• Clearer skin. Alcohol dehydrates the body, causing skin to look red and blotchy and aggravating conditions such as eczema.
  • The development of new brain cells. Studies have found that new cell growth can take place in as little as four or five weeks of alcohol abstinence.

That’s not to mention the professional advantages of hangover-free workdays or not having to stress about the embarrassing thing you said or did last night at the bar.

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One of the most significant benefits of Dry January is the opportunity to take stock of your drinking habits and their effect on your life and health. A study in the UK of over 800 Dry January participants found the participants were still drinking less, on average, eight months later.

Some participants in Dry January and other zero-alcohol challenges like how they feel so much, they never drink again. Lowe tells us she took on a sober challenge for herself after she realized she was self-medicating in response to the loss of people in her life.

“The goal was always to go back to drinking, just to be a normal drinker,” she explains. But after two years of quitting and restarting, she decided to give up alcohol for good.

“My health is better. My relationships are better. My self-confidence is better. Getting rid of alcohol was the key to everything. I've started my own business. I just took my dream trip to Africa. It was alcohol that was stopping me from living my dreams.”

How to Support Dry January With Your Corporate Wellness Program

Dry January can be good for your employees’ health and your company. According to one estimate, hangovers alone cost American businesses $41.8 billion annually in wasted salaries.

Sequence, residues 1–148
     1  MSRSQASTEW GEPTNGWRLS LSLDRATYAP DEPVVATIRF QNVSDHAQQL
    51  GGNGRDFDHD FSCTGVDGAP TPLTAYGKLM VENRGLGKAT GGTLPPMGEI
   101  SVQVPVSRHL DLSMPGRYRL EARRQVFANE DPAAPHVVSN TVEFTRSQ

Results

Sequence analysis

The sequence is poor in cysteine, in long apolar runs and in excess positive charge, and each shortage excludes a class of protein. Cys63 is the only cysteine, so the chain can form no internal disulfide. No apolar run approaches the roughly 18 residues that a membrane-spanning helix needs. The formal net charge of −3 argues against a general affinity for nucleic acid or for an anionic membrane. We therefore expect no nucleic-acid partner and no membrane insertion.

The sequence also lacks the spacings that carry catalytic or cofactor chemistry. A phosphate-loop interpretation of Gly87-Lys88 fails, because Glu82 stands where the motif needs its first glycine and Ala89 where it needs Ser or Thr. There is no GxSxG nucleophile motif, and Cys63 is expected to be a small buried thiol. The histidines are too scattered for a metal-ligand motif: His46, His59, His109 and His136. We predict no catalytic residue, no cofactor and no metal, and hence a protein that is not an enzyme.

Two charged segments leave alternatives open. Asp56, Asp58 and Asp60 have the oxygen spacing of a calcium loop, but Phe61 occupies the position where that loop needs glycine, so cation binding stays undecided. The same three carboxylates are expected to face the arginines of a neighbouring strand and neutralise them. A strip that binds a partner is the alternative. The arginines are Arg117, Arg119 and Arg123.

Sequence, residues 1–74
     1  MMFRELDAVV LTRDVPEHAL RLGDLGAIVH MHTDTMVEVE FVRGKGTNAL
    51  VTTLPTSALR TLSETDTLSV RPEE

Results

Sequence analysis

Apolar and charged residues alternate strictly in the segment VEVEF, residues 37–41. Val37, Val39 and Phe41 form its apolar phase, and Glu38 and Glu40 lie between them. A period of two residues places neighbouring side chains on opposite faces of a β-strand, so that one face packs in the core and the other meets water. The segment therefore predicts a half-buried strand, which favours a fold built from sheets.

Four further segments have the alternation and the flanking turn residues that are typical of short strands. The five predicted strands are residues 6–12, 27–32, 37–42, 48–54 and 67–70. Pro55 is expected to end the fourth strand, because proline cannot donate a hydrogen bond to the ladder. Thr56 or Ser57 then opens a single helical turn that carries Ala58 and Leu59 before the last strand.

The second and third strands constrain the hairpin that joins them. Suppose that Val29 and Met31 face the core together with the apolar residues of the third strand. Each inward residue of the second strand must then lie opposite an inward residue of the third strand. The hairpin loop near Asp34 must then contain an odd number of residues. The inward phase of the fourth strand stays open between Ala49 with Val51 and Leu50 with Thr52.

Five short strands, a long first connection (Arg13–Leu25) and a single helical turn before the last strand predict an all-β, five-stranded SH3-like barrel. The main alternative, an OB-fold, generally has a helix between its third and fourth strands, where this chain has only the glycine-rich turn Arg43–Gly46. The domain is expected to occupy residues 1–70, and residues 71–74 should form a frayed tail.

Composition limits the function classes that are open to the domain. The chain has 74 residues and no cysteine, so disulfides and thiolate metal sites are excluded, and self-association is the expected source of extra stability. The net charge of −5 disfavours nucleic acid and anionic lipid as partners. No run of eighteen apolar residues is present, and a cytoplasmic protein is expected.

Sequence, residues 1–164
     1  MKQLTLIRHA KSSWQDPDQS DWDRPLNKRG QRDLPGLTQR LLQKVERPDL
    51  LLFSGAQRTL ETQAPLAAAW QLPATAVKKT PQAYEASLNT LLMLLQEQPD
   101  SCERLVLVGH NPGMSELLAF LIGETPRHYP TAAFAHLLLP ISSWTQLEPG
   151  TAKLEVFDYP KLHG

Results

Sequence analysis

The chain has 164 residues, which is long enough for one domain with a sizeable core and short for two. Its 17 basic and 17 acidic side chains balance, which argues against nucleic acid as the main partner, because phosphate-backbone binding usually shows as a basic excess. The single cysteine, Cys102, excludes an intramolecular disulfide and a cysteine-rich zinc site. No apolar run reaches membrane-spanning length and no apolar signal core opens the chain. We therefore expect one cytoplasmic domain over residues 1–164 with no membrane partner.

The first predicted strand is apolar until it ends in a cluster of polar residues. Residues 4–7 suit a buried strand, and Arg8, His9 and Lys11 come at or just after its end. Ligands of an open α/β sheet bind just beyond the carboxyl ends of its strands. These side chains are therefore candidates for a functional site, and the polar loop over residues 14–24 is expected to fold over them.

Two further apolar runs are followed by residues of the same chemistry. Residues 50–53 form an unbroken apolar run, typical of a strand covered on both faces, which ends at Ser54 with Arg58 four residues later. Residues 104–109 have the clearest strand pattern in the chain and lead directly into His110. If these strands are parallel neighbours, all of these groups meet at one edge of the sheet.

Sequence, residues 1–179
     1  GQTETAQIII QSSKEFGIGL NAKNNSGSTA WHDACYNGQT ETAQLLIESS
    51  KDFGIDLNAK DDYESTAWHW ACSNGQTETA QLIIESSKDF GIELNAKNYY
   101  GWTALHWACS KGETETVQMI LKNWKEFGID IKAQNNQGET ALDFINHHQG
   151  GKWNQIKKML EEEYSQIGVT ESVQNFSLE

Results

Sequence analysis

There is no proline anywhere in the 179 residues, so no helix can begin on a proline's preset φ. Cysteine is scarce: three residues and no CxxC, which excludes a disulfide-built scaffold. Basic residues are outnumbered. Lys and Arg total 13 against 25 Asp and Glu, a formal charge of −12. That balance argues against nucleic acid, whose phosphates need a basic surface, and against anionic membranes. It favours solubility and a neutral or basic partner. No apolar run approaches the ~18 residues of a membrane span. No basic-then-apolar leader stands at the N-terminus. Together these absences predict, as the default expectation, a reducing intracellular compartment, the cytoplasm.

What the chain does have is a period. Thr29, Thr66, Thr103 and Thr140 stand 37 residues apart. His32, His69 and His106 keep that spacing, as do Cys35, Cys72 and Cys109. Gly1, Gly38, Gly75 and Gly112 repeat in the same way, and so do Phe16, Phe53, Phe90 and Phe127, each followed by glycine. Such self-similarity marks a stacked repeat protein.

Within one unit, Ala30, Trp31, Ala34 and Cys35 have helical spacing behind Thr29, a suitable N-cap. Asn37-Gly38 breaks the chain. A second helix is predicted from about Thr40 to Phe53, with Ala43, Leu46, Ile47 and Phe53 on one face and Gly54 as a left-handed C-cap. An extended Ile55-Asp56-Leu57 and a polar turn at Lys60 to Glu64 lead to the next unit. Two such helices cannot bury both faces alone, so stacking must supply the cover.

Whether you add it as a formal wellness challenge or not, many of your employees will be taking part in Dry January. Here are some tips for helping them get through it:

Eliminate Labels

Employers should not be in the business of diagnosing their employees with alcoholism or anything else. That’s up to medical professionals. Dry January participants are not necessarily problem drinkers, as we can all benefit from a month without alcohol.

“Remove any labels and instead focus on supporting healthy choices, things that are good for your physical health and things that are good for your mental health,” advises Lowe. “Keep the conversation open without judgment.”

Provide Alternatives to Alcohol

The days of Don Draper and the three-martini lunch are long gone, but alcohol still plays an outsized role in workplace socializing and networking events. Especially during Dry January—but all year round—be aware of the pressure employees feel to drink at work events and offer alternatives so non-drinkers won’t feel out of place.

“There are plenty of fun things that you can do outside of a bar for team bonding and things of that nature,” says Lowe. Stay away from alcohol as a reward for good work: “Employees would rather have time off, or a multitude of other things that would make their lives easier, rather than an all-you-can-drink happy hour.”

Make Coaching Available

For some employees, giving up alcohol, even for a month, will be no small task, especially those who turn to alcohol to soothe the stress of an off-kilter work-life balance. Life coaches (which you can provide through your wellness program) can help your employees stay on track with their goals and offer guidance for making healthy choices to cope when life gets overwhelming.

January is an excellent time for a fresh start and an examination of one’s habits, be they healthy or otherwise. Participating in Dry January is an opportunity for your employees to become more aware of their relationship with alcohol and make healthier choices that very well might become lasting ones. 

Explore our range of challenges and activities that address full-person wellness.